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Saturday, April 25, 2009

We need Zipcars in Cincinnati

Living car-free anywhere can be a bit of a challenge. It's even more difficult in Cincinnati where our transit options are limited to bus service.


With that said living car-free is definitely possible and I know several people that are able to make it work even here in Cincy. One thing that could make living car-free a lot more feasible would be the use of Zipcars.


Zipcar is a carsharing company that allows people to get a membership and use the cars on an as needed basis. Basically what you do is you get a membership (which gets you a Zipcard) and then go and get a car when you absolutely need one. You just walk up to the car, wave your Zipcard over the windshield, get in and start driving (keys, gas card and insurance are all awaiting you).


Presently there is no Zipcar service in any Ohio city (closest locations are Chicago & Pittsburgh), but Cleveland does boast its own carsharing club called Citywheels. The Ohio State University, in Columbus, used to have its own Zipcar service that came to a close in January 2009. It's about time that Cincinnati get into carsharing and introduce Zipcars to our urban core.


4 comments:

DP said...

I think the YPKC Transportation Committee may be trying to raise some interest in this...but maybe you already knew that.

Randy Simes said...

Yeah, when I served on the Transportation Committee there was interest in this, but a proposal had not yet been put through the process while I was there. I'm not sure where they are currently at in this process or how active they are in making this reality. If I hear anything I'll be sure to report back and update the story.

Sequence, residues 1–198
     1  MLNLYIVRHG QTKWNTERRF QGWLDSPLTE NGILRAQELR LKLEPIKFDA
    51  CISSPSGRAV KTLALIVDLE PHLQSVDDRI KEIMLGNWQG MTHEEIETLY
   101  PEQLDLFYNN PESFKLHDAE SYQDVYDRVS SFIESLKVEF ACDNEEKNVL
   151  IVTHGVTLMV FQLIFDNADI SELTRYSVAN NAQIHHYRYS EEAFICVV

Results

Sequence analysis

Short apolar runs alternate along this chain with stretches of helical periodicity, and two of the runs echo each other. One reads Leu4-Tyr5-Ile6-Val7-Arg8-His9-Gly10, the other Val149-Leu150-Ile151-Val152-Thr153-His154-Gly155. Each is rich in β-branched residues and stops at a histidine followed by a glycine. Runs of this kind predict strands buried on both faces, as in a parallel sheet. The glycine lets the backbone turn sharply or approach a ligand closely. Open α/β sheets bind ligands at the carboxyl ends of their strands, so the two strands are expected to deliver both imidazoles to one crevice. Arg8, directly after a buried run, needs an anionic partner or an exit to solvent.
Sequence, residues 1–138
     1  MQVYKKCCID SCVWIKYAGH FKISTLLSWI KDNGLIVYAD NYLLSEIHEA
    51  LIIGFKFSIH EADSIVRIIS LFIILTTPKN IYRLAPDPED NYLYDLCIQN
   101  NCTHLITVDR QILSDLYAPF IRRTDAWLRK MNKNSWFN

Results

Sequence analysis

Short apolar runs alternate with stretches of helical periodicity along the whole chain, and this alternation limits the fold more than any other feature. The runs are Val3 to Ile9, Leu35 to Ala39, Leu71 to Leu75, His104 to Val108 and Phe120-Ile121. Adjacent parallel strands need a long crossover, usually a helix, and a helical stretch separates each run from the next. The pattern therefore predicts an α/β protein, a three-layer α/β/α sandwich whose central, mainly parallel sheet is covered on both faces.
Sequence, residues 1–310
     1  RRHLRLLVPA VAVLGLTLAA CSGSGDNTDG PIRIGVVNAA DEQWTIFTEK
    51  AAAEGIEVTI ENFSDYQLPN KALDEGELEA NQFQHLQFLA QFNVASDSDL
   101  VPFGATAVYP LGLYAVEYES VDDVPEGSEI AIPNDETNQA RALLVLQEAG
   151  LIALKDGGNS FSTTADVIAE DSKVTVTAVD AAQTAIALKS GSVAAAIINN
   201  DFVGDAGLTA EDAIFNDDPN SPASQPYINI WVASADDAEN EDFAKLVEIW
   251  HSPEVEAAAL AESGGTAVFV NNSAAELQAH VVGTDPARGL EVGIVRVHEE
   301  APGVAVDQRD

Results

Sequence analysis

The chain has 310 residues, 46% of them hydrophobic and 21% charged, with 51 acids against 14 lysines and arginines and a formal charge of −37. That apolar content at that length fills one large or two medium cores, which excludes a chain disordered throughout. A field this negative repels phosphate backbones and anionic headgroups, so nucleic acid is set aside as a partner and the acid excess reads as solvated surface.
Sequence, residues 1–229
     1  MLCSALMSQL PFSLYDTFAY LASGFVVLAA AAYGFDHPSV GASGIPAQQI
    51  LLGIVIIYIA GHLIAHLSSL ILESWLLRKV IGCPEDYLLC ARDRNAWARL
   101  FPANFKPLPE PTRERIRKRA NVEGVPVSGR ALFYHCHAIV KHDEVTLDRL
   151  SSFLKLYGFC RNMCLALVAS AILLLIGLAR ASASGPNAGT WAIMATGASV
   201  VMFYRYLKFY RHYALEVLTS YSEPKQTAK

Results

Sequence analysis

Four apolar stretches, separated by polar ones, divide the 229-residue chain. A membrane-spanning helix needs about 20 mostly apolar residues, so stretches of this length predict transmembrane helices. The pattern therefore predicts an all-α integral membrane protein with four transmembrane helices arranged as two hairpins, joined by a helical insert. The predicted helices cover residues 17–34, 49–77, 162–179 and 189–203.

getbackcincy said...

Funny you bring this up. I emailed zipcar a few weeks ago and told them of potentialy burgeoning opportunities in Cincinnati. Their response seemed fairly disinterested.

My assumption is that if they can't get it to work in Columbus, a liberal city, then there is no way they can make it work in Mayberry.

Sean F. said...

I did my thesis on carsharing in Cincinnati, and it would take some major corporate buy in to make it happen. Most successful carsharing cities have a density equal to or greater than Cincinnati's, rail transportation, and a business community that promises the carsharing service a decently sized base to start off with.

This actually saves the companies (and municipal governments when they join the effort) as they can replace the cost and maintenance of company cars with one rented by the hour.

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